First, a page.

The status and living conditions of the Rohingyas have deteriorated due to sectarian violence in the form of systematic attacks against their community. Additionally, the perpetrators behind these attacks benefit from total impunity, while the government and its security forces are often involved in the violence. The most recent attacks took place in the village of Du Chee Yar Tan in January 2014. According to the United Nations, these acts claimed the lives of at least 48 Rohingyas. The government, however, has refused to acknowledge the murder, pillaging and rape taking place and has once again failed to conduct an investigation.

Furthermore, the conclusions of the Council stipulate that “the government continue to research and to implement durable solutions to the underlying causes of the tension, including adequately addressing the situation of the Rohingyas.” One year after the drafting of these conclusions, the Rohingyas remain unable to attain Burmese citizenship. In this regard, the next census is largely criticized because it risks of exacerbating the country’s ethnic tensions (le prochain recensement est quant à lui largement critiqué car il risque d’exacerber les tensions ethniques dans le pays). Finally, Thein Sein has publicly rejected the call from the United Nations General Assembly to revise the 1982 citizen law that discriminates against Rohingyas.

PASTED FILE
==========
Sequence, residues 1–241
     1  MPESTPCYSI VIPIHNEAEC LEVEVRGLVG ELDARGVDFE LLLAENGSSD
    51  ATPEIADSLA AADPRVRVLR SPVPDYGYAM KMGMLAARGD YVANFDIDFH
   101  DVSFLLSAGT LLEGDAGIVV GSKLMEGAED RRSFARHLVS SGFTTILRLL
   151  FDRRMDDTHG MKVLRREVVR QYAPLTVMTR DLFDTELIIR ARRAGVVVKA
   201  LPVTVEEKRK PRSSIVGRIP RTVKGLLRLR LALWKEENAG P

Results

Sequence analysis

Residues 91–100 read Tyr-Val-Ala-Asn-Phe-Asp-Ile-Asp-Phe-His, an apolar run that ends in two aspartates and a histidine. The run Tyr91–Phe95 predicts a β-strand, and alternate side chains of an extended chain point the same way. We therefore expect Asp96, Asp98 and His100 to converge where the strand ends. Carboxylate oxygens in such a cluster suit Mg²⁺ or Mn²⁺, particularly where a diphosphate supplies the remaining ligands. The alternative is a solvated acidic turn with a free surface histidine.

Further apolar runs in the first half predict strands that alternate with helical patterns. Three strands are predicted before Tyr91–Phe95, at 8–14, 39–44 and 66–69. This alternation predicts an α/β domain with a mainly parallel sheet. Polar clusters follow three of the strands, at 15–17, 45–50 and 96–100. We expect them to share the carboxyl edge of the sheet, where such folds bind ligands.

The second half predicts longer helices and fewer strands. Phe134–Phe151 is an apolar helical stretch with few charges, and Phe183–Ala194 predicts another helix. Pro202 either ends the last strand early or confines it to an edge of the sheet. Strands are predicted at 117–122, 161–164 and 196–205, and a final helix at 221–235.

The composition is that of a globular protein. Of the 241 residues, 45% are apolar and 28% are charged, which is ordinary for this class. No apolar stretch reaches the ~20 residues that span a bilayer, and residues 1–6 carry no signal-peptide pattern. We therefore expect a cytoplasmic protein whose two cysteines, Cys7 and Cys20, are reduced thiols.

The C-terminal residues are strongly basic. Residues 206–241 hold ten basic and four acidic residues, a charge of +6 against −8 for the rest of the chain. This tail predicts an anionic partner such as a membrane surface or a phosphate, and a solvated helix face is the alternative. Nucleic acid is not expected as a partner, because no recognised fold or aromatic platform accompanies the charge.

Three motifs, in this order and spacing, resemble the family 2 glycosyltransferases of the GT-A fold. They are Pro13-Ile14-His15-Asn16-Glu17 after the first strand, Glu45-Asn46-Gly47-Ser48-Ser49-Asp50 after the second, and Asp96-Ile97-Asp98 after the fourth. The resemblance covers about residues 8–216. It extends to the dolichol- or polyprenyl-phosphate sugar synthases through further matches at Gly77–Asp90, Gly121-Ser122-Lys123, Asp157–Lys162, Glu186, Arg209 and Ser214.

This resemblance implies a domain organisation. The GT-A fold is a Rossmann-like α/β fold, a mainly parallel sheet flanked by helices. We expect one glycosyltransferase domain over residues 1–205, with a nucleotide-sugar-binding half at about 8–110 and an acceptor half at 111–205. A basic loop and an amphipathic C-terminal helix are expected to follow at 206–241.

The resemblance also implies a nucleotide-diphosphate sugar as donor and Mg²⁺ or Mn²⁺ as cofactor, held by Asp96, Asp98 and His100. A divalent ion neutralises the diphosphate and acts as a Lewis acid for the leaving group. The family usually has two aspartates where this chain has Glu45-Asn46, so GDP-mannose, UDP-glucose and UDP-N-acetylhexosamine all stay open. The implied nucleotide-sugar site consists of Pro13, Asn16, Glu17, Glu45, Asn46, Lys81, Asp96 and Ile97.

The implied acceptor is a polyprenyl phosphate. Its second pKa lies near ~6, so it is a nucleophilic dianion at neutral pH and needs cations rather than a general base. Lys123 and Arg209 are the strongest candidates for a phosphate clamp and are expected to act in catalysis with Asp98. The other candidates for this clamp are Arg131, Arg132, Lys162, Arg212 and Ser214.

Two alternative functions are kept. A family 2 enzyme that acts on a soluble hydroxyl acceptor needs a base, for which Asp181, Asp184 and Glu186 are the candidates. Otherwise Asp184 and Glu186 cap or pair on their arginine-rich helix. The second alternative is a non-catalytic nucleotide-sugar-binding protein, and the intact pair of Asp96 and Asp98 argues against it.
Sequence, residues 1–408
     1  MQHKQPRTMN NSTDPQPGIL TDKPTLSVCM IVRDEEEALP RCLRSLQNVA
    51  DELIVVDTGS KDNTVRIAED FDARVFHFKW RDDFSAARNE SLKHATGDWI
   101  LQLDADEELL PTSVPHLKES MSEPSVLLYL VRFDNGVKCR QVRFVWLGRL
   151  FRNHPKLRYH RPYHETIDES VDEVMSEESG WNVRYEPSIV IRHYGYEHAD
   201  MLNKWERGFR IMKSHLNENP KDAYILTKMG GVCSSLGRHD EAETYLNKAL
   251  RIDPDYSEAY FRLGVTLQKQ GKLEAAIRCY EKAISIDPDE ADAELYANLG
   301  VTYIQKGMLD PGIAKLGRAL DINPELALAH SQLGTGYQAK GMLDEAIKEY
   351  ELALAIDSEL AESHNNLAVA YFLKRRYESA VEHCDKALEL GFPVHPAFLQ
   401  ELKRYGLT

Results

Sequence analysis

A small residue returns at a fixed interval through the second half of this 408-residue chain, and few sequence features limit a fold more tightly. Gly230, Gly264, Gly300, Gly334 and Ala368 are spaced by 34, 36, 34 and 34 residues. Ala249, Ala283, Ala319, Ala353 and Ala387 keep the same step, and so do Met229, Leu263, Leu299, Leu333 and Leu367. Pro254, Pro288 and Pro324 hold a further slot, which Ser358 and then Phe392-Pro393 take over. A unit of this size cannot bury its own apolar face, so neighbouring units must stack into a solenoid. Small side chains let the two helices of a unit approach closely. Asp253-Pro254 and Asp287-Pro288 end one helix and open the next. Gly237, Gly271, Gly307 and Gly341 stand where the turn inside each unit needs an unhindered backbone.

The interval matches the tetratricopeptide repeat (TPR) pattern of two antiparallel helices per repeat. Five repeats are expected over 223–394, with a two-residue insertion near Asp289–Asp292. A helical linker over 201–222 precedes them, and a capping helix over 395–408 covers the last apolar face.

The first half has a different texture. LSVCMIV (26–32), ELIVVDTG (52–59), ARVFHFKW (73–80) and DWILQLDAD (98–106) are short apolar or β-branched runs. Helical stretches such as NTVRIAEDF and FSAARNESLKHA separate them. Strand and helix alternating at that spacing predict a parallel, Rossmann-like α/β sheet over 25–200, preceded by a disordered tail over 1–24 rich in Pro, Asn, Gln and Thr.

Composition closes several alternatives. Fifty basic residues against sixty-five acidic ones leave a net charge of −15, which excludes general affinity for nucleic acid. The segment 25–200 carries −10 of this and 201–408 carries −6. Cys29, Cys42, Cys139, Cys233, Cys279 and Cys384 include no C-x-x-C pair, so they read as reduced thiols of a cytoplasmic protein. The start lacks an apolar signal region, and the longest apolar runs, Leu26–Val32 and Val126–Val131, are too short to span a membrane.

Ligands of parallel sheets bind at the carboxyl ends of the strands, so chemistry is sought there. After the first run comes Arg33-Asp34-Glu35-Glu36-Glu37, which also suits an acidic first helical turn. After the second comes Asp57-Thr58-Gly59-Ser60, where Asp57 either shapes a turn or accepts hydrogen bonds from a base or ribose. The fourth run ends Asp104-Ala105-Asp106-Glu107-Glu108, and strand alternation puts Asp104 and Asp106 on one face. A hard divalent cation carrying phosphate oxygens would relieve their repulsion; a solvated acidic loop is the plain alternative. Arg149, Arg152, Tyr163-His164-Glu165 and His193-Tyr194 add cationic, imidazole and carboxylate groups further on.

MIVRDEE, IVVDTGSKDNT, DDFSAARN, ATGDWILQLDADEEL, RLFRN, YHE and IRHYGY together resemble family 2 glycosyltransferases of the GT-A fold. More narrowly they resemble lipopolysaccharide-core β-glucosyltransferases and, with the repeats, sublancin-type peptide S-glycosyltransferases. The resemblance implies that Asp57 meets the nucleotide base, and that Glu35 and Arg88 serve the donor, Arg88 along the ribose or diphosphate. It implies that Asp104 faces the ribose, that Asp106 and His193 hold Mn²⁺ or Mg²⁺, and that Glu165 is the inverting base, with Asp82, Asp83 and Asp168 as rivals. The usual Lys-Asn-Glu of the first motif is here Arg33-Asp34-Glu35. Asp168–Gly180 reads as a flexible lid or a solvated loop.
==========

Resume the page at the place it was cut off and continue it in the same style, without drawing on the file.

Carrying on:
Access to Humanitarian Aid in Conflict Zones
In its most recent conclusions on Burma, the EU also highlighted “the need to provide those working in humanitarian and developmental aid with total and unhindered access to all communities affected by the conflicts and intercommunal violence.” As of today, this is still not the case. In the Kachin State, humanitarian organizations and the United Nations have extremely limited access to the displaced persons camps situated in zones controlled by the KIA, leaving many people without adequate food and sanitation facilities. In the Arakan state, only a few organizations have had permanent access to the camps. Even more importantly, the government has not guaranteed the safety of aid workers, which has significantly impeded relief efforts. The suffering of those living in displaced persons camps across the country is immense. They number 140,000 in the Arakan State, 150,000 in the Kachin State, and 650,000 people in total.

In conclusion, the continued trends of violence with impunity, human rights violations, and serious breaches of international law should prevent any decision to lift the arms embargo. Our organizations ask you to remain particularly vigilant and firm on this point during future discussions concerning the revision of the restrictive measures adopted by the PESC.